Mortal Kombat
Developer: NetherRealm Studios
Publisher: Warner Bros. Interactive Entertainment
Release Date: Out Now
Players/Online features: 1-2
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It’s not a huge surprise to see a new version of Mortal Kombat arrive on 360 and PS3. The public’s interest in the beat-em-up genre is once again on the rise thanks in no small part to Capcom’s reinvention of their own beloved Street Fighter franchise. Gamers have again begun investing their hard-earned cash on fight pads and sticks in the vain hope of conquering increasingly complex move combinations. NetherRealm Studio’s Mortal Kombat arrives somewhat late to the party hoping it can offer a fresh take on the genre which will coax gamers away from Ryu et al.

Back in the ’90s the situation was largely the same; Street Fighter ruled the roost both in the arcades (remember those?) and in the homes when Midway released their blood soaked brawler to the world. Showcasing state-of-the-art visuals, gruesome characters and X-rated content, Mortal Kombat delighted gamers and outraged parents in almost equal measure. Rather than focusing on tightly-knit moves and combinations, the game relied more on inflicting the most damage on your opponent through devastating attacks via an array of fearsome weapons. You could never call it subtle, but it had an identity of its own and was above all fun to play by experts and newcomers alike.

Over the years and through numerous console generations, the Mortal Kombat brand has somewhat waned. Barring Mortal Kombat 2 (which many consider the peak of the franchise), the follow ups have generally failed to take the series forward in any noticeable way preferring instead to increase the levels of gore and deliver ever more ridiculous finishing moves – “Babalities” anyone?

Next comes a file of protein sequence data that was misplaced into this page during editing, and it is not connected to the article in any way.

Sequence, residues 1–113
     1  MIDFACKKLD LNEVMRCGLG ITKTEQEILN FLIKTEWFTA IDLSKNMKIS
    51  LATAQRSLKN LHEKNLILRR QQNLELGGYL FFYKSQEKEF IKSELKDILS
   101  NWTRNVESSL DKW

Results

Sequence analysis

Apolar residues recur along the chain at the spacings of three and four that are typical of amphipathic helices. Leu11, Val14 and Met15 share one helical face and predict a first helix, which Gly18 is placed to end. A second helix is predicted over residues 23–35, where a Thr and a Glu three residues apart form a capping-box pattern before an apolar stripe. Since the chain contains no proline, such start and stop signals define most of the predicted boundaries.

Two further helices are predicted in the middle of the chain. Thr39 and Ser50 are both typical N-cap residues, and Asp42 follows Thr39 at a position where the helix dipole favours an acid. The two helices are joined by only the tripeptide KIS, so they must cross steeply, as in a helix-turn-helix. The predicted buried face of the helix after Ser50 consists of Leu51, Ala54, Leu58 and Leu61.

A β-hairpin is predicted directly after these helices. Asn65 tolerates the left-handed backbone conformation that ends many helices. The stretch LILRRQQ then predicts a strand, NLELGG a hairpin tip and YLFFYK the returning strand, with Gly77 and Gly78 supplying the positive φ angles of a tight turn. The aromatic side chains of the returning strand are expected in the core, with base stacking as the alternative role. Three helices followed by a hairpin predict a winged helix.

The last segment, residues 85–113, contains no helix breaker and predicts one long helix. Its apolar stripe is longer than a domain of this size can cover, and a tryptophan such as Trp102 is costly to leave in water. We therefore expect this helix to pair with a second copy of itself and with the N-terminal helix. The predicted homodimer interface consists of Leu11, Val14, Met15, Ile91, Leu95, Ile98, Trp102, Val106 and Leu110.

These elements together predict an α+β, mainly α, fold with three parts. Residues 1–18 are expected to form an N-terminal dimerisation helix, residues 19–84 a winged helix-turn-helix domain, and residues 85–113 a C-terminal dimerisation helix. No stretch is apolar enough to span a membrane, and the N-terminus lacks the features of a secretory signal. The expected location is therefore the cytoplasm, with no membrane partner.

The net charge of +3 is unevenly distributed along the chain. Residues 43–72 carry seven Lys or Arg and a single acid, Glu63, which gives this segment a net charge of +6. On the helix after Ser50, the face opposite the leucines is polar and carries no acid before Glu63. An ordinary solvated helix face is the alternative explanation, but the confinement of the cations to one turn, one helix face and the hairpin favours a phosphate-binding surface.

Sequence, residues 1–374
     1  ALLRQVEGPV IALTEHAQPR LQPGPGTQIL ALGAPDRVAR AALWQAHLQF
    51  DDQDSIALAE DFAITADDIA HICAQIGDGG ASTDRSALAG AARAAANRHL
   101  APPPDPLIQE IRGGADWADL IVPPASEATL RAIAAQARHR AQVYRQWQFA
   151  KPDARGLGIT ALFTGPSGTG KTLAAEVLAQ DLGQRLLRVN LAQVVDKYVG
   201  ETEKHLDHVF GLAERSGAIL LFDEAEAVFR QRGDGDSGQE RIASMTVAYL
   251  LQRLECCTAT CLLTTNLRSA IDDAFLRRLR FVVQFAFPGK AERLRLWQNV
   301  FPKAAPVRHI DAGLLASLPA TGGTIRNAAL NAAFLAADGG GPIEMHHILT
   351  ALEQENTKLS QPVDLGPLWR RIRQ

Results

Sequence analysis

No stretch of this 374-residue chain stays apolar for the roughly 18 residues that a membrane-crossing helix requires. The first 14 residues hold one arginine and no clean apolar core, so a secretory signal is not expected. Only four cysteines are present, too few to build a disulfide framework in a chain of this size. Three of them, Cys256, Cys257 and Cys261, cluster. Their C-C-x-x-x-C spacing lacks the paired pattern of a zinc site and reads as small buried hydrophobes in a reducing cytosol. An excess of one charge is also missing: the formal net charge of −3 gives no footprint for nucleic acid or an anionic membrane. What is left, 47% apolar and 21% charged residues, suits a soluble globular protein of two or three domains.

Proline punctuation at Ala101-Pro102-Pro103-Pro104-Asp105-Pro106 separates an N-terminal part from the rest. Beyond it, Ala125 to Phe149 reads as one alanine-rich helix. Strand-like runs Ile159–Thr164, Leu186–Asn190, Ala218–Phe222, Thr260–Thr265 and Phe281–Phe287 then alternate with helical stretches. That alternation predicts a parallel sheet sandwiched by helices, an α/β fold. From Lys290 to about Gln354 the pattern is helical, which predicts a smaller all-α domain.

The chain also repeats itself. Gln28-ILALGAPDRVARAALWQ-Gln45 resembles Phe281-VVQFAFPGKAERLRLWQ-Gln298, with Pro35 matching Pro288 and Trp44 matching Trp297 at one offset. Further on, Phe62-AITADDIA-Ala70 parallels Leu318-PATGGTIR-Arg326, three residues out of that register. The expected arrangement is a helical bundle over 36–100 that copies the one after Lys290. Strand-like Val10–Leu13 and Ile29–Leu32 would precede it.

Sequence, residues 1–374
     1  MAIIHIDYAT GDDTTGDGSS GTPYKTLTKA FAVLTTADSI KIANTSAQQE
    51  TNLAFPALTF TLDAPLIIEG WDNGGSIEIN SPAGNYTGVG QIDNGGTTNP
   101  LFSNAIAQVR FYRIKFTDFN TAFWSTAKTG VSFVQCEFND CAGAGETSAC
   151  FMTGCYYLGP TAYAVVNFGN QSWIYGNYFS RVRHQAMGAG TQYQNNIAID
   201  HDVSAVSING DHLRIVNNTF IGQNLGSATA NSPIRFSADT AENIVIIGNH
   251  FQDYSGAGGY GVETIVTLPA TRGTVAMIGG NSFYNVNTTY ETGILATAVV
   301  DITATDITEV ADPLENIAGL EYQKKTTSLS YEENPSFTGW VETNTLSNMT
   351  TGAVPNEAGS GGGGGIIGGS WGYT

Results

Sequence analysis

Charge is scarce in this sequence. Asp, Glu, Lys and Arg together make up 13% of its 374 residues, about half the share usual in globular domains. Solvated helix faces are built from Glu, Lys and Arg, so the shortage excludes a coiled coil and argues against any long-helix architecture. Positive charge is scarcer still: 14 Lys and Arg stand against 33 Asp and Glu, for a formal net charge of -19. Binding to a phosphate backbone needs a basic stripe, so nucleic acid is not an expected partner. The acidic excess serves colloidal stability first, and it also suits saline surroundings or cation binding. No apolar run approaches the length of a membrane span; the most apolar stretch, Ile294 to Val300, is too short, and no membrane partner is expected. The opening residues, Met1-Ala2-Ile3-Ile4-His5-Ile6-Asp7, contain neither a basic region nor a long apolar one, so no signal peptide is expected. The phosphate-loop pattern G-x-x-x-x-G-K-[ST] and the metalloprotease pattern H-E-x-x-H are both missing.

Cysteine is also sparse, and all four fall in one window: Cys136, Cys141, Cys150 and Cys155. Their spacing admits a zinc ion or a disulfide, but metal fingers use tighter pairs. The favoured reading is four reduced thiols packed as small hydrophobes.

Upon sitting down with this latest version, it’s perhaps a little difficult to muster up much enthusiasm. But fear not, because surprisingly, this is a rather splendid little fighter that can rightly hold its own against Capcom’s finest.

Graphically, this is easily the most attractive Mortal Kombat has ever looked. Fights take place on a single two dimensional plane with the characters modelled in three dimensions. All have a realistic and chunky aesthetic that nicely recalls the visual splendour of the original arcade game.

Chances are that if you’ve played a Mortal Kombat game in the past, your favourite character is here. There are 27 in total including Johnny Cage, Lui Kang, Sonia and of course Scorpion (whose name I seem unable to say without following up with his catchphrase “get over here”). The characters really show the wear and tear of battle, so if your health bar is low they generally look bloodied and beaten. It’s a startling effect which adds to the gruesome atmosphere, with blood soaking into their clothes and bruises appearing before your eyes. Equally impressive are the arenas which, rather than recreate real-world settings, opt instead for fantasy environments taking in the most exotic locations of the netherworlds. These are not static backgrounds, the worlds are alive with all manner of creatures and tortured souls watching the action unfold before their eyes. As with previous instalments, the arenas often double as weapons themselves allowing you to terminate your victim with the aid of the scenery - it’s amazing how spikes can miraculously appear when you need them!

Once into the fight you immediately notice how fast and responsive it all feels. Punches and kicks carry an incredible amount of weight and you can almost feel the impact of the infamous uppercut as it connects. The four buttons on the control pad control a different limb (a-la Tekken), so players new to series will have some adjustments to make. Slightly disappointing is the fact that there’s very little difference in style or feel of each character. Although each possesses their own range of special moves, there’s very little to separate them in terms of weight and movement.

Even though the combat is fast, it’s perhaps not as smooth or fluid as Street Fighter 4. Stringing combinations together is possible, but because special moves are generally based on multiple forward and backward motions, it never feels as natural as a charge or circular move. It’s more often easier to stick to hitting special moves, or waiting for your opponent to mis-time a strike and then coming in with an uppercut. Practice obviously improves your rhythm and capability of stringing moves together, but it doesn’t always come naturally.